Patient Factors Predictive of Colchicine-Related Adverse Events in Gout

Published on: 

An observational study in the UK investigated the risk of adverse events related to colchicine prophylaxis after receiving allopurinol for gout.

A new observational study investigated the prognostic factors for colchicine prophylaxis-related adverse events after initiation of allopurinol, a common treatment for flare prevention after beginning urate-lowering therapy for gout.1

People with gout were provided colchicine prophylaxis despite often being prescribed medications with the potential to interact with colchicine. Ultimately, the rate of adverse events was more frequent in those who were older, had more comorbidities, and were prescribed certain medications, while serious adverse events were rare.

“Our findings will provide much-needed information about the safety of flare prophylaxis that can inform treatment decisions when initiating allopurinol, directly benefitting people with gout and their clinicians,” wrote the investigative team, led by Ram Bajpai, PhD, school of medicine, Keele University.

A condition characterized by recurrent flares of painful joint pain and inflammation, gout has been linked with substantial comorbidity and reduced health-related quality of life.2 Urate-lowering therapy (ULT) for gout can lead to the cessation of flares. Still, initiating or escalating ULT can precede a gout flare, which can lead to the stopping of the therapy by patients or practitioners.

Anti-inflammatory prophylaxis, to manage flares, commonly with colchicine, is recommended for a short period when initiating ULT.3 Patient characteristics may influence the side effects of anti-inflammatory prophylaxis. However, evidence on the factors prognostic for adverse events is often anecdotal, lacking large research studies.

Here, the investigative team sought to evaluate how co-prescriptions and other potential prognostic factors affect the risk of adverse events when initiating colchicine prophylaxis for ULT in people with gout.1 The retrospective cohort study used the Clinical Practice Research Datalink (CPDR) databases and primary care data linked to the Hospital Episode Statistics (HES) datasets from April 1997 to the present.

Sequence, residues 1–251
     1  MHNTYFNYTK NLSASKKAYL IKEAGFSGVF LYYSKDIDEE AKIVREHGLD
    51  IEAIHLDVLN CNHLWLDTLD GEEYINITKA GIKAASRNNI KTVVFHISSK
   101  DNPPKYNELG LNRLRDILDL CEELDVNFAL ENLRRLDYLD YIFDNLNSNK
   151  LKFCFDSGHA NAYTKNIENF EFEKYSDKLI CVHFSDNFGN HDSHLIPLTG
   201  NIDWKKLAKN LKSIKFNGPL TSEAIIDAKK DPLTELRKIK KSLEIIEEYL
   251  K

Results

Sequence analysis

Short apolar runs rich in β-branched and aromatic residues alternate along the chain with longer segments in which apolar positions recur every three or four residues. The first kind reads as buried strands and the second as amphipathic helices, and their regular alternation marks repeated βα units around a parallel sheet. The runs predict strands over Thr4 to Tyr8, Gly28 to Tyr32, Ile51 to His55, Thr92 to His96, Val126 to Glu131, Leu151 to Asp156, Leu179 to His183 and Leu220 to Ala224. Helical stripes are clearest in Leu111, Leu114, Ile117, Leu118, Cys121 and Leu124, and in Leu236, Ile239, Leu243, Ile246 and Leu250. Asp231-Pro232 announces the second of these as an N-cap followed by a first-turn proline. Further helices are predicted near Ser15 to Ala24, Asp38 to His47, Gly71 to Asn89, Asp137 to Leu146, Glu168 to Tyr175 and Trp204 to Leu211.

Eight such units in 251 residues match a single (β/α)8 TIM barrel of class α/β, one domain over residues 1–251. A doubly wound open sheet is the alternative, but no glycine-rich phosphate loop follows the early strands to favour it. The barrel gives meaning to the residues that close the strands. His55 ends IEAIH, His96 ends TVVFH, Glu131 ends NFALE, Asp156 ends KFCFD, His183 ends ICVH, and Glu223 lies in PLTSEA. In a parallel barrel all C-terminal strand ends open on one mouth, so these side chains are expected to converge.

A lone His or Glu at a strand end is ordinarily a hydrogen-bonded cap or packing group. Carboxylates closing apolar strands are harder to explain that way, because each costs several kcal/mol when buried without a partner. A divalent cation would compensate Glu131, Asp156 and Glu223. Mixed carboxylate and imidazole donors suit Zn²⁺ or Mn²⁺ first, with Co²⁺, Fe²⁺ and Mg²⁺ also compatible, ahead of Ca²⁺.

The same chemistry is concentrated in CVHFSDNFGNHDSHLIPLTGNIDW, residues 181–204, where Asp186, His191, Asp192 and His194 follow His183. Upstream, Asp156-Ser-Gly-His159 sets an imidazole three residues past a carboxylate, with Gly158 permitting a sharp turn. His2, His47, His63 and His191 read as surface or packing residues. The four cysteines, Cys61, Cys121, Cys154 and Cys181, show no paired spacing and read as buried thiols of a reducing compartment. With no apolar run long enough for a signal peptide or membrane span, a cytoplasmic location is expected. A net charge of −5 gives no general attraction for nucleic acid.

Adults receiving a prescription for allopurinol and colchicine for a diagnosis of gout between April 1997 and November 2016 were included in the retrospective cohorts. All patients were followed up for 6 months or until the end of colchicine treatment, defined as 56 days after the last colchicine prescription.

Bajpai and colleagues analyzed events of interest including diarrhea, nausea or vomiting, myocardial infarction, neuropathy, myalgia, myopathy, rhabdomyolysis, and bone marrow suppression. Prescriptions for medications that could interact with colchicine treatment, including statins, in the 30 days before the index date were considered as potential interactors.

The analysis considered factors that could be associated with the rate of adverse outcomes, including age in quartiles, sex, Charlson comorbidity index, body mass index (BMI), chronic kidney disease (CKD) category, and the potentially interacting prescriptions.

During the study period, 13,945 people with gout initiated allopurinol with colchicine prophylaxis. Patients had a mean age of 63.9 years and more than two-thirds (78.2%) of the population were male. Approximately one-quarter (0.26; 95% CI, 0.25 - 0.27) of participants were prescribed ≥1 potentially adverse prescription, with statins being the most common prescription (0.21; 95% CI, 0.20 - 0.22).

Overall, there was no significantly increased risk of any adverse outcomes with the prescription of statins or digoxin. However, diarrhea, nausea, and vomiting were generally higher with older age and in female patients. The rates of myocardial infarction were higher at older ages.

After adjustment for age and sex, Bajpai and colleagues found significant associations between patient-related prognostic factors and adverse outcomes in the Charlson comorbidity index 2-4 for diarrhea and the Charlson comorbidity index ≥4 and CKD stage 4-5 for myocardial infarction.

“Reassuringly, the rate of serious adverse events was low, providing reassurance for people with gout and for clinicians,” they wrote. “We also found no evidence that the prescription of statins significantly increased the risk of adverse events except atorvastatin being associated with myocardial infarction.”


  1. Bajpai R, Partington R, Muller S, et al. Prognostic factors for colchicine prophylaxis-related adverse events when initiating allopurinol for gout: retrospective cohort study. Rheumatology (Oxford). Published online April 18, 2024. doi:10.1093/rheumatology/keae229
  2. Chandratre P, Mallen C, Richardson J, Muller S, Hider S, Rome K et al. Healthrelated quality of life in gout in primary care: baseline findings from a cohort study. Semin Arthritis Rheum 2018;48: 61–69
  3. FitzGerald, JD, Dalbeth N, Mikuls T, Brignardello-Petersen R, Guyatt G, Abeles AM et al. 2020 American College of Rheumatology Guideline for the Management of Gout. Arthritis Rheumatol 2020;72:879–95.